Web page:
by Sarah A. Hoyt
Special to L. Neil Smith’s The Libertarian Enterprise
I don’t remember—mostly because by the time I was fully cognizant these customs were things of the past—whether it’s a Portuguese tradition (or if it was a family tradition) to set off Chinese Lanterns at New Years, or if it was something done (only?) at the feast of St. John’s.
I do remember dad spending days designing the lanterns and the paper used and the fuel, so that they would burn and fly for a maximum time. (I don’t remember other instances of dad’s engineer mind growing up, though I suppose he was using it at work.) I remember his picking the paper and the colors and everything for maximum effect. (Other men made them of newspaper, and whichever fuel. But you know, my family—shocking, I guess!—tends to overthink things.) And I remember being little and very excited for this. Very excited too for “The children’s calendar”, which was published every year as a supplement of a newspaper that no longer exists. In it they printed a picture per page, and a verse underneath, the verse usually pertaining to some tradition or being a traditional rhyme. (Which btw is a great way to pass history onto kids. Kids love doggerel. I now want to do a USAIAN children’s calendar and December will have some doggerel rhyme about crossing a frozen river to slit throats on Christmas morning.)
Looking back, how technology has changed over my lifetime and what was impossible or very expensive then and is cheap and easy now is dizzying. For instance, that calendar was printed on newsprint, and left it to the parents to cut out each page, glue it to stronger paper or cardboard, and then put a string in to hang. (Yes, I do realize in the US at the same time, they likely would have given a free little calendar, whether glossy or not not sure. But Portugal is consistently 20 years behind the times.)
Anyway, I really anticipated the lighting of the balloon, though I never saw it beyond the lighting and climbing, but it made dad excited and happy and he’d track it as far as binoculars allowed.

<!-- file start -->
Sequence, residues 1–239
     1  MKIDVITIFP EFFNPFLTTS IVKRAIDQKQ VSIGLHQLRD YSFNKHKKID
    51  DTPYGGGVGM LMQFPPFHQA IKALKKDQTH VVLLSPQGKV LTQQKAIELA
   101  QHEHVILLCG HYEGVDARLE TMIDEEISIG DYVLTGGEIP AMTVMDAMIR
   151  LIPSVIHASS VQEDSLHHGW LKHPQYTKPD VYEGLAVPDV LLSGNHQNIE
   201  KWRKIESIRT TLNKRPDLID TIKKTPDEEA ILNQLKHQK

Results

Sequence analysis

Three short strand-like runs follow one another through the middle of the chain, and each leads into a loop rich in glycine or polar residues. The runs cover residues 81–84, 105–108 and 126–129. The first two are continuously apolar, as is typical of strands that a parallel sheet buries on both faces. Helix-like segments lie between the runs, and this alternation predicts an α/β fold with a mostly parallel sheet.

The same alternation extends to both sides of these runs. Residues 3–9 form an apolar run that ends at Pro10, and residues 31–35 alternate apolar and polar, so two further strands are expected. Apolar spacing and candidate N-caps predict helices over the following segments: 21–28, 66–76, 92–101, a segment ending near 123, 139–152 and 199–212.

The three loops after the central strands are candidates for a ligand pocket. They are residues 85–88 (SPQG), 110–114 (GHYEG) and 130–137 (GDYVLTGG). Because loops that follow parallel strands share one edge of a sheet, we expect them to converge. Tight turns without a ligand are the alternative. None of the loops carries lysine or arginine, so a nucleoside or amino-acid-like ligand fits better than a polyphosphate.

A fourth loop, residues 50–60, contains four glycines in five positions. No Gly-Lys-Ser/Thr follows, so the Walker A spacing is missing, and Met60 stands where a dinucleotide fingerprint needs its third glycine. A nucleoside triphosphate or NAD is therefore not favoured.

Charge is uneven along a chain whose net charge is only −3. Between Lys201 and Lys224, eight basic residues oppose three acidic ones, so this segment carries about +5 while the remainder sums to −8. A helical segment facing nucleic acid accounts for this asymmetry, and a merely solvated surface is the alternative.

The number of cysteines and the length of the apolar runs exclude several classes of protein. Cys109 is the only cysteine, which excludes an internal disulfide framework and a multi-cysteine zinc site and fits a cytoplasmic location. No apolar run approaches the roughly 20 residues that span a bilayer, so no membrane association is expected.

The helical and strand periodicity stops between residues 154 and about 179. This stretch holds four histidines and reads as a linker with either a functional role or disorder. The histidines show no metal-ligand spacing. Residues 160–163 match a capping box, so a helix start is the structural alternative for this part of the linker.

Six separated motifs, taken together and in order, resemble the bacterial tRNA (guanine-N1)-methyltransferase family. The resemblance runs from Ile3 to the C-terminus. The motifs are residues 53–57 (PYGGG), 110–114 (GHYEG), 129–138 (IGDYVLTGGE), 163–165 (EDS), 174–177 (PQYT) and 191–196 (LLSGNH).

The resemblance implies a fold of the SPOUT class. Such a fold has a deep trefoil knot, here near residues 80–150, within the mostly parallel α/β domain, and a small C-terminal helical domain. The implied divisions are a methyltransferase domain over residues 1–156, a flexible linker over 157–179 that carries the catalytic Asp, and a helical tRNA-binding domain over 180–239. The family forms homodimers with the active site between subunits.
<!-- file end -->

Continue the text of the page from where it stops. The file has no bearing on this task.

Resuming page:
Of course sometimes those balloons—fortunately not ours—would land somewhere out of sight of the launcher, on a house or a woods, and burn it down. (Which I suspect is why the custom no longer happens.)
The longer I live the more all my actions seems like that: you plan and work the best you can to make it the best you can, but in the end, for all you know, one of your actions designed for quite a different purpose, will land on someone else, and burn everything they own. Or set things on a course to burn down the world.
You can’t know. Learning to forgive yourself if that happens, is the hardest thing in the world. But if you don’t learn, you never do anything.
So we come to the end of 2020-won, which runs together in my head with its parent year. That I know of—and of course, you can’t fully know—I didn’t burn anyone’s house down.
Was it a good year? Well…. It was a confusing whirlwind of a year. I lost a batch of friends I couldn’t afford to lose, among them L. Neil Smith a loss that cut deep. Some of those I lost were surprise/sudden, like Rick Boatright and Paul Bisdorf. I’m still a little stunned and keep forgetting they are gone. In fact, part of the issue is that the list from these two years is so long that I always forget someone, and then it hurts anew.
I didn’t get nearly as much writing done as I wanted to, but we did manage to find a house, buy it, and are now fully moved in. We’re not unpacked, but it’s proceeding. Annoyingly, I can’t unpack and write at the same time, so both are being annoyingly slow. We didn’t manage to finish getting the house in CO sold, and might need to have some stuff done to it. But we have a plan and dates.
I had a Gofundme, which shocked heck out of me with its results, but this is good as it both makes it so I’m not going insane over how much the house in CO is costing until it sells and for the first time in my entire career has made it possible for me to invest in my writing. (This was not—Mr. IRS man who might be reading this—the purpose of the Gofundme, and nothing was promised those who contributed. But by going over, it had that happy result.) So I’ve hired an editor, and discovered that this for the first time in indie publishing, gives me an external incentive to deliver on time. So Monday Bowl of Red is going to go to the editor. (And will not go by my betas, because it’s so late.) However, the second of Deep Pink (PROBABLY called Deep Water) will go to betas next week, probably Friday or Saturday, G-d willing and the creek not rising.
The editor will get me Darkship Thieves, newly edited, tomorrow, and it will be re-issued or at least go up for pre-order sometime this week.
To that purpose, I’ve purchased a new formatting program, and also what I hope will be a means to sell e-arcs (Not really, but to do a limited-time sale to my fans and those who subscribe to my newsletter (see the little button for Schrodinger’s path on the right side of the screen) which bypasses Amazon and can offer it in various formats (except paper, that will be Amazon) before it goes up for sale on Amazon.